WINNIPEG -- A man has pleaded guilty to careless driving causing death in the Aug. 22, 2018, collision that killed a mother of five from La Salle, Man.

Tammy Rosko, 42, died when a westbound Chevrolet Silverado being driven by Evan Charbonneau crossed a raised centre divider on the south Perimeter Highway and collided head-on with Rosko’s eastbound minivan.

Charbonneau, now 35, was also seriously injured in the collision and received a $3,500 fine and a one-year driving ban.

“Ultimately this is a tragedy, a loss beyond words,” Crown attorney Colin Soul told the court Monday morning.

Members of Rosko’s family, including her husband and children, attended the court hearing. Tammy’s brother Mike Rosko was also there and wasn’t happy with the outcome.

“The family is extremely disappointed in the judicial system,” said Mike. “It just doesn’t seem right. Something has to change.”

At issue for the family is the Crown’s decision not to proceed with an impaired driving charge. Court was told Charbonneau has no memory of the incident and that neither speed, distracted driving, or impaired driving were factors in the collision.

However, court was told that Charbonneau made comments to first responders when he was being treated about previous cannabis consumption.

Soul told court that prompted a blood test that found traces of cannabis in his blood.

“It’s not a factor, however, that the Crown can point being a contributing factor to the accident,” Soul told the court.

Court heard no signs of impairment were noted by first responders before Charbonneau was transported to the Health Sciences Centre to be treated for his injuries.

Soul told Provincial Court Judge Lawrence Allen the Crown decided there was no case in relation to impairment.

“The Crown can’t rely on that based on the science, in terms of what effect that residue would’ve had on his driving,” Soul told the judge. “We know it’s a factor that he admitted to earlier consumption. We know that the analysis came back showing that there was consumption, but in terms of what factor that played, the science is not clear on that point.”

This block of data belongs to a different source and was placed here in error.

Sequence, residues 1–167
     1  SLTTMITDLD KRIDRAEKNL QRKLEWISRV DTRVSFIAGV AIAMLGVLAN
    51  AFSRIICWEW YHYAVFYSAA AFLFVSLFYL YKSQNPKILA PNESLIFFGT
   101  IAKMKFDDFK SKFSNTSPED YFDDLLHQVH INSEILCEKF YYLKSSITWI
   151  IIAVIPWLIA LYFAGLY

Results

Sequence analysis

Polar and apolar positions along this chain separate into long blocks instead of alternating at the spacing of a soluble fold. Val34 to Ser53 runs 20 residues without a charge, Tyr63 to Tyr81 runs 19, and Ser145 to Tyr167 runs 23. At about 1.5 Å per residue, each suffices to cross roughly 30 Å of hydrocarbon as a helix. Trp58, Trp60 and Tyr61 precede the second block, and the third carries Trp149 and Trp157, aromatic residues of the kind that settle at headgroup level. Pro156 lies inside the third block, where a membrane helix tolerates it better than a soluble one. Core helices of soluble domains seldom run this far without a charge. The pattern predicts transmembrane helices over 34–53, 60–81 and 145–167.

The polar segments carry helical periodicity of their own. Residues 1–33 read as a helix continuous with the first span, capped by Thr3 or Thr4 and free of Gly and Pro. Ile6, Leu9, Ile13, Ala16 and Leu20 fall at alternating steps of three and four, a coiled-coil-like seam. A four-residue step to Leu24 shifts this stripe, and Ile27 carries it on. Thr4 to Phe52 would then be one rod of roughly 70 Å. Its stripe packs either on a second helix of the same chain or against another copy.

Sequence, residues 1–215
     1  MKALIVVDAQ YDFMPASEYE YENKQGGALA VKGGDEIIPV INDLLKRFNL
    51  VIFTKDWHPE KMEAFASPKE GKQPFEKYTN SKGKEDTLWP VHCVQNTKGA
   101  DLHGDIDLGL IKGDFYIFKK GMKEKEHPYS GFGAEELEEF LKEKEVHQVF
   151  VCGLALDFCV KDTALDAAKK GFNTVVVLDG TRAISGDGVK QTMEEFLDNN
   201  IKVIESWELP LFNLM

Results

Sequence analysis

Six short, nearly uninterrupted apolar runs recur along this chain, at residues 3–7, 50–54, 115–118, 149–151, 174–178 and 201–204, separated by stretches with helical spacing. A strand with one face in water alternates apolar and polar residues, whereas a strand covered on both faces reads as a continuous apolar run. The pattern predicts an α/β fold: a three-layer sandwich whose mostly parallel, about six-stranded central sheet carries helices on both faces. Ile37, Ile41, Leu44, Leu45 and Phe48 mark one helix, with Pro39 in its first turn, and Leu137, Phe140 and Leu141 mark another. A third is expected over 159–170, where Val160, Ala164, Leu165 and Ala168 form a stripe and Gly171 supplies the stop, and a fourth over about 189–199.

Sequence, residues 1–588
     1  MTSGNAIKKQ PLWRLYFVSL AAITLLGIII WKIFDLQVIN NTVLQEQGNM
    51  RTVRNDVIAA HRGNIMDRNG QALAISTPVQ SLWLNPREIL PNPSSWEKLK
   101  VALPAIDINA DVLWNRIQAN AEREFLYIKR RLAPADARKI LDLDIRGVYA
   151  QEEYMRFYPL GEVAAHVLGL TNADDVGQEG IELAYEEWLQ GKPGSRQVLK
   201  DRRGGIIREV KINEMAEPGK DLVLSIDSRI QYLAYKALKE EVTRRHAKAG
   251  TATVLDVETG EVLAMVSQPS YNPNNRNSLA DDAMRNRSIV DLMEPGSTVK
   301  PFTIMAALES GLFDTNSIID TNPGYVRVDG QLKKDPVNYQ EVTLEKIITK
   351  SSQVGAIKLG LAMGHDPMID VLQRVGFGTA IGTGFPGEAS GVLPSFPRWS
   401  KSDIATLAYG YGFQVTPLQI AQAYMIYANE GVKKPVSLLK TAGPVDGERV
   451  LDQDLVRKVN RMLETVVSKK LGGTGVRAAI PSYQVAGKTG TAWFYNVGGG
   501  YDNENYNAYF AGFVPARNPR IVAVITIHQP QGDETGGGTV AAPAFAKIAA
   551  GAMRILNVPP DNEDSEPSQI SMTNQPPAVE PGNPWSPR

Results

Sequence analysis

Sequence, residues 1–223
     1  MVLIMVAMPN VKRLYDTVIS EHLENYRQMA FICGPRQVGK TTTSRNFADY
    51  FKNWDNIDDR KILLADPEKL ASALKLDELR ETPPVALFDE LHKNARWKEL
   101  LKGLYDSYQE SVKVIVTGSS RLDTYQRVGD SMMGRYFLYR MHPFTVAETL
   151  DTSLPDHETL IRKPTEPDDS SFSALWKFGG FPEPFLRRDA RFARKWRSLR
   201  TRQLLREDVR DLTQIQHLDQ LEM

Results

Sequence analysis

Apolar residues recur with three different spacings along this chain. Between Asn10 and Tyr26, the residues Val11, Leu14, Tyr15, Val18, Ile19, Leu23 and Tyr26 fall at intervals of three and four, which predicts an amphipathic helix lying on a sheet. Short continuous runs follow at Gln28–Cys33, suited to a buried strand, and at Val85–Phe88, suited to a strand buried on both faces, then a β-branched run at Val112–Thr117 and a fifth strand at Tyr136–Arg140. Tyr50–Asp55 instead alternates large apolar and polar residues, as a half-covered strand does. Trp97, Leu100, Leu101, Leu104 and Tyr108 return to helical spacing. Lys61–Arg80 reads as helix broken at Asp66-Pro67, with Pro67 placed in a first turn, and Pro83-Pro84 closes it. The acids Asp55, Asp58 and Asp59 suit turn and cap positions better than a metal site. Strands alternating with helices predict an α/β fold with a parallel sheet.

Jeffrey Gindin, Charbonneau’s lawyer, told court his client has no recollection of the collision.

“I emphasize nobody was texting, nobody was speeding, nobody was impaired,” Gindin told the court.

He added it is hard to know exactly why Charbonneau’s vehicle crossed the median but acknowledged a momentary lapse may have caused his client to lose control of the vehicle.

“It’s a very, very sad story all around,” said Gindin. “It’s going to haunt him for the rest of his life.”

Charbonneau apologized in court to Tammy’s family.

“A day hasn’t passed without the tragedy going through my mind,” Charbonneau told family members in court. “I’m truly very sorry.”

Mike said the explanation his family heard in court leaves them with unanswered questions about Tammy’s death.

“We listened to all the letters that her children wrote, how much they miss her,” said Mike. “It’s tough. It’s really hard.”